One, the skull of a young T.Rex, had a healed bite mark on its face, which Peterson said had to be from another T.Rex. Tyrannosaurs, like crocodiles today, played rough, and the wound was likely from a fight over food or territory.

The puncture holes were also the size of juvenile T.Rex teeth.

The other fossil was a tail vertebra from a plant-eating, duckbilled dinosaur, an Edmontosaurus. It had two puncture marks from teeth that matched those of a young T.Rex. 

Peterson said that T.Rex was the only predator around at that time — the late Cretaceous period, more than 66 million years ago — that could have bitten that hard on the tailbone of a duckbill. He believed it had likely punctured the bone when chomping down on a meaty part of the tail of the already dead animal.

T.Rex would crunch down and ingest the bones of its prey, previous fossil evidence suggests

T.Rex would crunch down and ingest the bones of its prey, previous fossil evidence suggests

‘What’s cool about finding bite marks in bone from a juvenile tyrannosaur is that it tells us that at 13 years old, they weren’t capable of crushing bone yet, but they were already trying, they were puncturing bone, pretty deep,’ Peterson said.

‘They are probably building up their strength as they get older.’

The findings of the study will be published in journal PeerJ. 

In April, a new study found that an adult T.Rex was only able to crunch the bone of its unfortunate prey thanks to its stiff lower jaws.  

It chomped through bone by keeping a joint in its lower jaw steady like an alligator.

Scientists had previously assumed T.Rex had a flexible jaw like a snake to keep struggling prey in their jaws, but the new analysis showed the lower jaw was kept level and sturdy. 

The experts used computed tomography (CT) scans of dinosaur fossils and modern reptiles to build a detailed 3D model of the T.Rex jaw.   

Those findings came shortly after a study published the same month found that despite their brutal feeding habits, T.Rex had only a moderate walking speed.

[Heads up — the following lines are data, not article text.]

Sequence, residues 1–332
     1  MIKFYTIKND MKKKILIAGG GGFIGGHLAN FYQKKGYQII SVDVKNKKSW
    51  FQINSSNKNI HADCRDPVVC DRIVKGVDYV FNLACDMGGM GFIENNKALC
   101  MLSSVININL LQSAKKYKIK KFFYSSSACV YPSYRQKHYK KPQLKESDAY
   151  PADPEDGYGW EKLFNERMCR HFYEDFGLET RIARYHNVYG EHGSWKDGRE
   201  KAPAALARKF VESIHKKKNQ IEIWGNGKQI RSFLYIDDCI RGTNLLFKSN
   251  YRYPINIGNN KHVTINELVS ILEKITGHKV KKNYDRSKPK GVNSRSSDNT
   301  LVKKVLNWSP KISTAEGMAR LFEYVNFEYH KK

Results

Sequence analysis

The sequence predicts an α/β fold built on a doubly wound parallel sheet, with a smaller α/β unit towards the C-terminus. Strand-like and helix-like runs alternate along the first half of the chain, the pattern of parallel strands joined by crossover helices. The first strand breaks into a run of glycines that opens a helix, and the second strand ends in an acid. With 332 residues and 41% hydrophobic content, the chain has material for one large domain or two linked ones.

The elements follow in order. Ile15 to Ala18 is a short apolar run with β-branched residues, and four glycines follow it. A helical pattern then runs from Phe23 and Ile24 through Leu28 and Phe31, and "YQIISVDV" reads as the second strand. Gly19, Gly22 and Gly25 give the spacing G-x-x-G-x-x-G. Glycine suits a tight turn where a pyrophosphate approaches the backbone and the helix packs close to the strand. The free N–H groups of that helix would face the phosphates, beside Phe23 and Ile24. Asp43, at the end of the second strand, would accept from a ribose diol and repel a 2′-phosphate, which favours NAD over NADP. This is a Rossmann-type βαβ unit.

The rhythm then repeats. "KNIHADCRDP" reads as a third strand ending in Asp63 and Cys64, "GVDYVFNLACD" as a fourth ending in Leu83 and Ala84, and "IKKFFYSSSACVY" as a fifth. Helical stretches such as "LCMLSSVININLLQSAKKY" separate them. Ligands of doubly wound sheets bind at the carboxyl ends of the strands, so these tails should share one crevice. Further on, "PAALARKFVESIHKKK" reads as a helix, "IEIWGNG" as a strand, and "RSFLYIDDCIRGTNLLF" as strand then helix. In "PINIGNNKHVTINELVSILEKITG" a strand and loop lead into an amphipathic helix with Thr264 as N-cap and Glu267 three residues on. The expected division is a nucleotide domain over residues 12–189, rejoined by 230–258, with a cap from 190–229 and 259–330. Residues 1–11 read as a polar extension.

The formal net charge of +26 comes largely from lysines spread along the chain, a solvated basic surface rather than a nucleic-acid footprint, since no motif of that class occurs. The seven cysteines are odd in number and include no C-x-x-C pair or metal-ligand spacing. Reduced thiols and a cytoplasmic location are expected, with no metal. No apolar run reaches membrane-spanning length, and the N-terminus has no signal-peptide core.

Scientists in the Netherlands developed a new method to estimate the preferred walking speed of T.Rex, based on analysis of a preserved specimen called Trix, currently on display at Museum Naturalis in Leiden, Netherlands.  

They revealed T.Rex enjoyed a ‘leisurely’ stroll at just 2.8 miles per hour (4.6km per hour) – a rate similar to the natural walking speed of emus, elephants, horses and humans and lower than previous estimates.

T.Rex just got even scarier! King of the dinosaurs may have hunted in PACKS just like wolves

Pictured: the skill of a T.Rex found two miles north of the so-called 'Rainbows and Unicorns quarry' in the Grand Staircase-Escalante National Monument

Pictured: the skill of a T.Rex found two miles north of the so-called ‘Rainbows and Unicorns quarry’ in the Grand Staircase-Escalante National Monument

Tyrannosaurus rex may not have been a solitary predator, but instead hunted its prey in packs, just like wolves, a 2021 study suggested.

Palaeontologists have been studying a T.Rex mass death site found back in 2014 in the so-called Rainbows and Unicorns quarry in the Grand Staircase-Escalante National Monument in southern Utah.

Analysis of T.Rex fossil bones revealed that members of the species died and were buried together. 

The notion that tyrannosaurs might have been social carnivores was first mooted some two decades ago, when more than a dozen of the dinosaurs were found buried together at a dig site in Alberta, Canada.

A second mass grave site was subsequently found in Montana – and the Rainbows and Unicorns quarry assemblage makes for the third found to date. 

‘Going that next step to understand behaviour and how animals behave requires really amazing evidence,’ said Denver Museum of Nature & Science’s curator of dinosaurs, Joseph Sertich.

‘I think that this site – the spectacular collection of tyrannosaurs but also the other assembled pieces of evidence – pushes us to the point where we can show some evidence for behaviour.’ 

Despite the mounting evidence, many experts have contested the idea, arguing that dinosaurs simply did not have the brainpower needed for complex social interaction. 

Read more: T.Rex may have hunted in PACKS just like wolves, study reveals

Read more at DailyMail.co.uk